CHAPTER IV. THE PROGRESS OF NATIONALISM
Cecil's drastic methods of dealing with the opposition lords left the door of government open to men like Walsingham, who were determined to give full play to the new forces in English politics. Discontented reactionaries were reduced to impotent silence, or driven abroad to side openly with the enemy. Pius V's bull excommunicating and deposing Elizabeth (1570) shattered in a similar way the old Catholic party. The majority acquiesced in the national religion; the extremists fled to become conspirators at foreign courts or Jesuit and missionary priests. The antagonism between England and Spain in the New World did more, perhaps, than Spanish Catholicism to make Philip the natural patron of these exiles and of their plots against the English government; and as Spain and England drew apart, England and France drew together. In 1572 a defensive alliance was formed between them, and there seemed a prospect of their co-operation to drive the Spaniards out of the Netherlands. But Catholic France resented this Huguenot policy, and the massacre of St. Bartholomew put a violent end to the scheme, while Elizabeth and Philip patched up a truce for some years. There could, however, be no permanent compromise, on the one hand, between Spanish exclusiveness and the determination of Englishmen to force open the door of the New World and, on the other, between English nationalism and the papal resolve to reconquer England for the Catholic church. Philip made common cause with the papacy and with its British champion, Mary Queen of Scots, while Englishmen made common cause with Philip's revolted subjects in the Netherlands. The acquisition of Portugal, its fleet, and its colonial empire by Philip in 1580, the assassination of William of Orange in 1584, and the victories of Alexander of Parma in the Netherlands forced Elizabeth into decisive action. The Dutch were taken under her wing, a national expedition led by Drake paralyzed Spanish dominion in the West Indies in 1585 and then destroyed Philip's fleet at Cadiz in 1587, and the Queen of Scots was executed.
At last Philip attempted a tardy retaliation with the Spanish Armada. Its naval inefficiency was matched by political miscalculations. Philip never imagined that a united England could be conquered; but he laboured under the delusion, spread by English Catholic exiles, that the majority of the English people only awaited a signal to rise against their queen. When this delusion was exploded and the naval incompetence of Spain exposed, his dreams of conquest vanished, and he continued the war merely in the hope of securing guarantees against English interference in the New World, in the Netherlands, and in France, where he was helping the Catholic League to keep Henry of Navarre off the French throne. Ireland, however, was his most promising sphere of operations. There religious and racial hostility to the English was fusing discordant Irish septs into an Irish nation, and the appearance of a Spanish expedition was the signal for something like a national revolt. England had not been rich enough in men or money to give Ireland a really efficient government, but the extent of the danger in 1598-1602 stimulated an effort which resulted in the first real conquest of Ireland; and Englishmen set themselves to do the same work, with about the same amount of benevolence, for the Irish that the Normans had done for the Anglo-Saxons.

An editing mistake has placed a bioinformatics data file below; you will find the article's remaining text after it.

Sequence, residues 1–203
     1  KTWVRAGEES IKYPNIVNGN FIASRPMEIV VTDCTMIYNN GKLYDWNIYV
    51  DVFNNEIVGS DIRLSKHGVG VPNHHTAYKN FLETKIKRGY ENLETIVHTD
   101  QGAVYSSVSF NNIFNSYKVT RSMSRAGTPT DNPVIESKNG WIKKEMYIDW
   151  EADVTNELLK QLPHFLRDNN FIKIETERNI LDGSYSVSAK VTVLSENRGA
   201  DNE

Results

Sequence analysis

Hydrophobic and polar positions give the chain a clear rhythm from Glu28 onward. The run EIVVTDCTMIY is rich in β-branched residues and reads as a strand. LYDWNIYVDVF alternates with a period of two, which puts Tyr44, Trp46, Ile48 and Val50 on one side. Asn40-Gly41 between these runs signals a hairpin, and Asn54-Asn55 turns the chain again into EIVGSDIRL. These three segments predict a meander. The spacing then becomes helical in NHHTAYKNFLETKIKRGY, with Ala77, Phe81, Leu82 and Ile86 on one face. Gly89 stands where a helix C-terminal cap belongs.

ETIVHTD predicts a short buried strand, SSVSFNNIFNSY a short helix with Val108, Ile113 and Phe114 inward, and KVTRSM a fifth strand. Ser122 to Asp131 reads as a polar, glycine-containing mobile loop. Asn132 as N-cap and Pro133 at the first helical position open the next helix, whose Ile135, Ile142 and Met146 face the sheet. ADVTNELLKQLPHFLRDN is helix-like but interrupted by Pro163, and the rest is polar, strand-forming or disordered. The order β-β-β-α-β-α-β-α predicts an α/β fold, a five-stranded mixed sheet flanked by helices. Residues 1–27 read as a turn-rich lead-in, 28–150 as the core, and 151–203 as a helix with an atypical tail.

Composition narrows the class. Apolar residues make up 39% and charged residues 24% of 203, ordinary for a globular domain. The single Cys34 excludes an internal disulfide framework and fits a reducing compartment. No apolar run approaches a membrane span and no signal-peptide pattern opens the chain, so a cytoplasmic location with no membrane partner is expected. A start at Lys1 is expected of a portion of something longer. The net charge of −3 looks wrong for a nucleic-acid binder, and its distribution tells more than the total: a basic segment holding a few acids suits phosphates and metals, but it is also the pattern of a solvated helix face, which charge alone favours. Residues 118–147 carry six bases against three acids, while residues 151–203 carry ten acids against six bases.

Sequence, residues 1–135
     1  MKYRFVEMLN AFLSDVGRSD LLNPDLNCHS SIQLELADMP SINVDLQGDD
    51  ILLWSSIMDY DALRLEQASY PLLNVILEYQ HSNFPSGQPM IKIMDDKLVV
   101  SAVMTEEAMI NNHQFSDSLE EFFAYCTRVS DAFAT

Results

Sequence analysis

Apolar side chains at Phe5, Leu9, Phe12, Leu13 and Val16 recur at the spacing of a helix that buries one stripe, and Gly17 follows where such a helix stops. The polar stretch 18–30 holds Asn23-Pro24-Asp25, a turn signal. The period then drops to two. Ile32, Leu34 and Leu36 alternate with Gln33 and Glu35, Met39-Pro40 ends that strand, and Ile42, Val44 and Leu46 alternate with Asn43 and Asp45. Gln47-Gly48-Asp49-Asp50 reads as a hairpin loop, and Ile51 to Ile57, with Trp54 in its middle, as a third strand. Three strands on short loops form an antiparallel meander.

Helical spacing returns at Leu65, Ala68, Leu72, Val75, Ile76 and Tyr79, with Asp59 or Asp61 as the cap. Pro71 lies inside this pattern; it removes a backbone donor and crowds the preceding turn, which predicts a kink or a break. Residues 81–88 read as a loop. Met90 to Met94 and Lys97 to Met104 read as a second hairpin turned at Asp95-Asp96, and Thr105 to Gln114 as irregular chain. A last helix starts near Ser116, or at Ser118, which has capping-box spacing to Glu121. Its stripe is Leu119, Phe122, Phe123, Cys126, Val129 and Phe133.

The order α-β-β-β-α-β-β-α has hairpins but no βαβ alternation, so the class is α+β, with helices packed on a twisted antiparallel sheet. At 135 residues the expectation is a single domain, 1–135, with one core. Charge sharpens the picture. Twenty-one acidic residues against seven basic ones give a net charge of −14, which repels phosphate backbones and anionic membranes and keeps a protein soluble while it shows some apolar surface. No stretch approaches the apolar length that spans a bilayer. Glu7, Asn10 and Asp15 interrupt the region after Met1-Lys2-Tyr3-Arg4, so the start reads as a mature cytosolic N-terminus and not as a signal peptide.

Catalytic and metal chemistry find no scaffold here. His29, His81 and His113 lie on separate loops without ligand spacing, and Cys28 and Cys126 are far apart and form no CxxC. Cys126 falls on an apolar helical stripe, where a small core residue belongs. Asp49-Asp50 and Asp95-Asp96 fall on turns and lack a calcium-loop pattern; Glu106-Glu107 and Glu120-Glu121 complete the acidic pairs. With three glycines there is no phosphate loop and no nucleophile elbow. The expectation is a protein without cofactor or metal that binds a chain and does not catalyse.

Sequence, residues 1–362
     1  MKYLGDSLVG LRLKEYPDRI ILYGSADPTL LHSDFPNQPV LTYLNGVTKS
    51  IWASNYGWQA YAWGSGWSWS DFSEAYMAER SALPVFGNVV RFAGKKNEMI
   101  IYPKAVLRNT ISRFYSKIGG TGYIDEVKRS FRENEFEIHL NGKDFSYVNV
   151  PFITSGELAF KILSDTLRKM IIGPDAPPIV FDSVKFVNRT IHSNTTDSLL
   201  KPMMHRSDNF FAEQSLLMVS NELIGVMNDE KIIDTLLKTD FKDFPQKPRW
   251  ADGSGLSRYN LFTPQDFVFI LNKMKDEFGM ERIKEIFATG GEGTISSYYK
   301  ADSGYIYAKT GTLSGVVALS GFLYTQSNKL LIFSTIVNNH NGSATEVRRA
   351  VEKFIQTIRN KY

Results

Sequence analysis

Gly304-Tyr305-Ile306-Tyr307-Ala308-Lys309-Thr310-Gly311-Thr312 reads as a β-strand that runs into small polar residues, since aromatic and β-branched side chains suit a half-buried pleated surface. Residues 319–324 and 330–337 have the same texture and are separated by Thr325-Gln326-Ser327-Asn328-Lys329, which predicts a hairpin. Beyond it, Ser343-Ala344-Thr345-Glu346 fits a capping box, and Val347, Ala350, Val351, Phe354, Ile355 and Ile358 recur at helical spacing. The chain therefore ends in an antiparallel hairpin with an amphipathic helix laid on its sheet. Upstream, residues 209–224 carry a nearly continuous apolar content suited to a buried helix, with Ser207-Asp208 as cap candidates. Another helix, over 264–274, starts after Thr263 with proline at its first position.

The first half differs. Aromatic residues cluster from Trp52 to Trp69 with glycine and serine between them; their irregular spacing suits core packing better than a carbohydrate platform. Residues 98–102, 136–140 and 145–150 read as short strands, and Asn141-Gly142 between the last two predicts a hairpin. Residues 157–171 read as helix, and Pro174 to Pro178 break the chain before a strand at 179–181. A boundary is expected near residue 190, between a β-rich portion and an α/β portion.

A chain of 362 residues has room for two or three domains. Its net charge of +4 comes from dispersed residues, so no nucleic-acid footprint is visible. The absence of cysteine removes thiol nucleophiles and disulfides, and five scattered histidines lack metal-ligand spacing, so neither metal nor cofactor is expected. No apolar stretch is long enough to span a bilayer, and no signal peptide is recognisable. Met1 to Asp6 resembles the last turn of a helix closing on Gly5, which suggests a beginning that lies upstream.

So far Tudor monarchy had proved an adequate exponent of English nationalism, because nationalism had been concerned mainly with the external problems of defence against foreign powers and jurisdictions. But with the defeat of the Spanish Armada, the urgency of those problems passed away; and during the last fifteen years of Elizabeth's reign national feelings found increasing expression in parliament and in popular literature. In all forms of literature, but especially in the Shakespearean drama, the keynote of the age was the evolution of a national spirit and technique, and their emancipation from the influence of classical and foreign models. In domestic politics a rift appeared between the monarchy and the nation. For one thing the alliance, forged by Henry VIII between the crown and parliament, against the church, was being changed into an alliance between the crown and church against the parliament, because parliament was beginning to give expression to democratic ideas of government in state and church which threatened the principle of personal rule common to monarchy and to episcopacy. "No Bishop, no King," was a shrewd aphorism of James I, which was in the making before he reached the throne. In other respects - such as monopolies, the power of the crown to levy indirect taxation without consent of parliament, to imprison subjects without cause shown, and to tamper with the privileges of the House of Commons - the royal prerogative was called in question. Popular acquiescence in strong personal monarchy was beginning to waver now that the need for it was disappearing with the growing security of national independence. People could afford the luxuries of liberty and party strife when their national existence was placed beyond the reach of danger; and a national demand for a greater share of self-government, which was to wreck the House of Stuart, was making itself heard before, on March 24, 1603, the last sovereign of the line which had made England a really national state passed away.